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Research Interests

Insulin-like growth factor binding protein-5 (IGFBP-5) influences cell migration , ageing and death

These studies are part of the research programme of the Cell Biology Group

Although insulin-like growth factor-I (IGF-I) is an important survival factor implicated in the growth of tumours, it increases cell-cell adhesion and thus,  stimulates the growth of the primary tumour, but may restrict its ability to migrate (metastasise) to other tissues, where typically tumours become more aggressive. In contrast, IGFBP-5 can inhibit the effects of IGF-I and induce cell death (anti-tumour) but paradoxically it can induce de-adhesion of cells and enhance their ability to metastasise.

More recently this role of IGFBP-5 has been implicated in the wound-healing response. Epithelial cells serve a variety of functions, one of which is to act as a barrier to infection. Injury, including death of the epithelial cells, provokes a wound-healing response which results in migration of cells into the wound site in an attempt to seal the injured tissue. This process also activates the underlying cells (principally fibroblasts) to secrete collagen and fibronectin, proteins which help to plug the wound in a process known as fibrosis, a form of tissue scarring. We believe that this process is part of a primitive wound-healing mechanism which has in turn evolved out of a process of cell:cell communication which is essential for normal development of the foetus. If blood loss occurs then a more pronounced inflammatory response is initiated in which cells from the immune system are also activated. It is now apparent that chronic damage to a variety of epithelial cells leads to various fibrotic diseases but that this is the result of a relatively minor but repetitive injury which does not activate the immune system to any great extent. Instead it appears that a factor(s) produced by the injured epithelial cells stimulates the underlying collagen-producing cells, resulting in fibrosis, which progressively impairs the function of major organs such as the lungs, kidneys and liver. This repetitive stimulus to cell proliferation may also be a trigger for premature cell aging (senescence) which has recently been linked to fibrosis. This mechanism is consistent with the late-onset of fibrotic diseases, which typically occur from middle-age onwards.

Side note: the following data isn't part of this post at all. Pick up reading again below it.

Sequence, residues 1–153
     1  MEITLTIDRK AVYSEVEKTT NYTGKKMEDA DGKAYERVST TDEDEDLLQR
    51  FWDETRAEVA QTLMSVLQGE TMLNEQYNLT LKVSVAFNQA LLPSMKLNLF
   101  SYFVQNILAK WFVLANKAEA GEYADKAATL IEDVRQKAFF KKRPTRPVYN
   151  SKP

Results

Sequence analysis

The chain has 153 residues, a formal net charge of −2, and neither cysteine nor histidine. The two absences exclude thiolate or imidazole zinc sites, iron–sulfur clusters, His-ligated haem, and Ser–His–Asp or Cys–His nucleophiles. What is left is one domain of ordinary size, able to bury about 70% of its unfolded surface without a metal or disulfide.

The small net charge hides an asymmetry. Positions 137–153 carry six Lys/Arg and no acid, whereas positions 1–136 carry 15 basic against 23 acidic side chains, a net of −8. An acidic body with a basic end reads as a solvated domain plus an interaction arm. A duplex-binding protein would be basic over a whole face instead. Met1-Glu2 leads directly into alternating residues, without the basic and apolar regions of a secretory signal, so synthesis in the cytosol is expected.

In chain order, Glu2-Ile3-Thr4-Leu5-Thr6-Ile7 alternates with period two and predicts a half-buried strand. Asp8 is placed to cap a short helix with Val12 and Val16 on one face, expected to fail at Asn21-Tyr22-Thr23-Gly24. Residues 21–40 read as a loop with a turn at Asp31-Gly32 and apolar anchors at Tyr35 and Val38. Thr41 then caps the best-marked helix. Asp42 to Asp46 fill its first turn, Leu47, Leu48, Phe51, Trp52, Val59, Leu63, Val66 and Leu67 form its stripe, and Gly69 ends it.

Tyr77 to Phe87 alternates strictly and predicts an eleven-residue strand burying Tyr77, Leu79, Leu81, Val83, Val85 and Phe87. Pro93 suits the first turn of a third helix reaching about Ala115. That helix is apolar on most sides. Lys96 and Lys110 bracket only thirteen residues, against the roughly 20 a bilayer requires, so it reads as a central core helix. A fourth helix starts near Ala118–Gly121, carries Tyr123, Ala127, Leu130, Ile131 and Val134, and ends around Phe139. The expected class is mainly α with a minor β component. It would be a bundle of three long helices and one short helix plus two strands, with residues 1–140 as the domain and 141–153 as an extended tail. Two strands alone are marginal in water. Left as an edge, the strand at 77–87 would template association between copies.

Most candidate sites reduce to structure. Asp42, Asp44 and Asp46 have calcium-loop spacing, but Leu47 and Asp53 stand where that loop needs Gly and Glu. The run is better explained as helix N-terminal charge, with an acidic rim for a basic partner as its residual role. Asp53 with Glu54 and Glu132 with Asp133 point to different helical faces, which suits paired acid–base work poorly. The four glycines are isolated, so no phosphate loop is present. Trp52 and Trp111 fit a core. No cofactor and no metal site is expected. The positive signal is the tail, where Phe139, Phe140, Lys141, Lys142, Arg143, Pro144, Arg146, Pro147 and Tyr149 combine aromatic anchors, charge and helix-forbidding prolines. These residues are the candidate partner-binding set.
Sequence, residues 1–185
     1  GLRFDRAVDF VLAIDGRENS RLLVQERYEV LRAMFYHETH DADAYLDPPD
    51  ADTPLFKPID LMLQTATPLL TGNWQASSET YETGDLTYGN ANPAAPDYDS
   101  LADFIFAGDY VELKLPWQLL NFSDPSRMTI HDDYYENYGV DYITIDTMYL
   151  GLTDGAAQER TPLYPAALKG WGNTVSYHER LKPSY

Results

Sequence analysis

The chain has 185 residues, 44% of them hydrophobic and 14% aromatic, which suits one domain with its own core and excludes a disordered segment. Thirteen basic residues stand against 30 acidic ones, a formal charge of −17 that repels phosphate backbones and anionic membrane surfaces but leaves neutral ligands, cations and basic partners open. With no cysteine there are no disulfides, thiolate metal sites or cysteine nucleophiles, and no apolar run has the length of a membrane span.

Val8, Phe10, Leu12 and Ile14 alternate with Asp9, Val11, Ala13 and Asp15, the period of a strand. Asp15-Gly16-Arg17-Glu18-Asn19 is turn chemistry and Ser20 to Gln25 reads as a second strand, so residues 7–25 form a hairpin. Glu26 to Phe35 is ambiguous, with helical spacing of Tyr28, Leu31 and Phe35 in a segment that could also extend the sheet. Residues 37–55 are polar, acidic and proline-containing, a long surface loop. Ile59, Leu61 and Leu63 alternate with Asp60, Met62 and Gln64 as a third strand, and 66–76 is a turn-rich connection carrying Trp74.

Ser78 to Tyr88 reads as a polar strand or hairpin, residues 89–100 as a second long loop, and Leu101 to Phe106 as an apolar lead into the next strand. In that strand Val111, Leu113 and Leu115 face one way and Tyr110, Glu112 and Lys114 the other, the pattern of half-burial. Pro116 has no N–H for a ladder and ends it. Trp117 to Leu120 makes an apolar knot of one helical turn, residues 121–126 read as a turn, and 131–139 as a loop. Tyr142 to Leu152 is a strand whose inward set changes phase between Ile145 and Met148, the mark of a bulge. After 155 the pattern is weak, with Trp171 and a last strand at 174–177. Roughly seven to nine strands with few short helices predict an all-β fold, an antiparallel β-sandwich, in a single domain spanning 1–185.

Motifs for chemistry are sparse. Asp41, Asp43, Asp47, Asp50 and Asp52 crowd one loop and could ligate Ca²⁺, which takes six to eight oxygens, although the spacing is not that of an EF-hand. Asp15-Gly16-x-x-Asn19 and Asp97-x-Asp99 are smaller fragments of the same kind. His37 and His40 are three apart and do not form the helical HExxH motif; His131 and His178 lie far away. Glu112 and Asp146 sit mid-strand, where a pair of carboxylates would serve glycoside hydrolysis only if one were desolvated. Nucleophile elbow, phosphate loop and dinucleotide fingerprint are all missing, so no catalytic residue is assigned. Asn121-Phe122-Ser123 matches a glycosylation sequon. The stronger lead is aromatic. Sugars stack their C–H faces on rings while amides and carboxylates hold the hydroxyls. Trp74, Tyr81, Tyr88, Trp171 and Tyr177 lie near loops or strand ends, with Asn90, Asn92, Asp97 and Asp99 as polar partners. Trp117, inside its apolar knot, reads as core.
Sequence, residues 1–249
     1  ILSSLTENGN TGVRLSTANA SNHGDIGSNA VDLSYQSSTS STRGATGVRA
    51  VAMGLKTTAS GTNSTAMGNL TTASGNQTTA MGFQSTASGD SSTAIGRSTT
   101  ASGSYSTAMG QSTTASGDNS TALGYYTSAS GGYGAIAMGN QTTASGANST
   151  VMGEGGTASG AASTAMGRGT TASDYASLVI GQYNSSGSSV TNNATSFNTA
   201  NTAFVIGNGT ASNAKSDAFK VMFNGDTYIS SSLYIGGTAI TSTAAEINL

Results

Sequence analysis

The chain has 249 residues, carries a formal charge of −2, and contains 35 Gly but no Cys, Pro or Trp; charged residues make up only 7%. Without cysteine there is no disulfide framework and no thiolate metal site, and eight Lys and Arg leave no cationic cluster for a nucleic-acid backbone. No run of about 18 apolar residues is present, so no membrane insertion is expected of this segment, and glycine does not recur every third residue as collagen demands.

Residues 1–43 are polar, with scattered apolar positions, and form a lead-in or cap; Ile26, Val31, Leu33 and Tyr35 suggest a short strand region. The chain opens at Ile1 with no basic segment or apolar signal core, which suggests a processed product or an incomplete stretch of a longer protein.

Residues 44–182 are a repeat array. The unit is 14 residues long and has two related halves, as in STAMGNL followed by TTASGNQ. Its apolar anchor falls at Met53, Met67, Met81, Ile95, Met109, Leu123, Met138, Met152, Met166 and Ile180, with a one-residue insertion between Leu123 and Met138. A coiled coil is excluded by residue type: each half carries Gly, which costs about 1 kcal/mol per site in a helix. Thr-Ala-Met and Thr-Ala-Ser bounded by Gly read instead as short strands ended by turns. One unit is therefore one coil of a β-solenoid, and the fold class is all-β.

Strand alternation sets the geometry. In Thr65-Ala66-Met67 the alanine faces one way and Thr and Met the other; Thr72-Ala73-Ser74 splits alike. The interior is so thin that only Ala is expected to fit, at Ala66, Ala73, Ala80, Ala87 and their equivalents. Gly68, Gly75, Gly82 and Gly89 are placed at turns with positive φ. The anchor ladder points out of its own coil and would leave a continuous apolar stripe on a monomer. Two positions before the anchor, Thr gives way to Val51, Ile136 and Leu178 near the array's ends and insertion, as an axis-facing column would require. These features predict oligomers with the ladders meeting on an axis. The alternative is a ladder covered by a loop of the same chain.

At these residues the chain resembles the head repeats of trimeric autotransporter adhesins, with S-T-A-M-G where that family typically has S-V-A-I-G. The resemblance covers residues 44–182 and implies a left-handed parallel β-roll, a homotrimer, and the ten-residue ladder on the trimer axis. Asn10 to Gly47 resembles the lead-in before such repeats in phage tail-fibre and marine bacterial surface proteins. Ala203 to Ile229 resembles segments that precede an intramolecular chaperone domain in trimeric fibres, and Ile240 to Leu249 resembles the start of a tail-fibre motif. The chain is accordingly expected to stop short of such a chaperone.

Our focus centres on a protein, IGFBP-5. IGFBP-5 is highly expressed in the developing mouse embryo and plays a fundamental role in epithelial-mesenchymal interactions in the embryo (interactions which are important for correct body pattern formation).

We seek to investigate whether this role for IGFBP-5 persists in the adult as part of the wound-healing response, which, in addition to being evident in epithelial injury, may also provoke a variety of disease states including sclerosis, pulmonary fibrosis and metastasis. Evidence to support this proposal comes from the fact that IGFBP-5 is secreted by epithelial cells, and: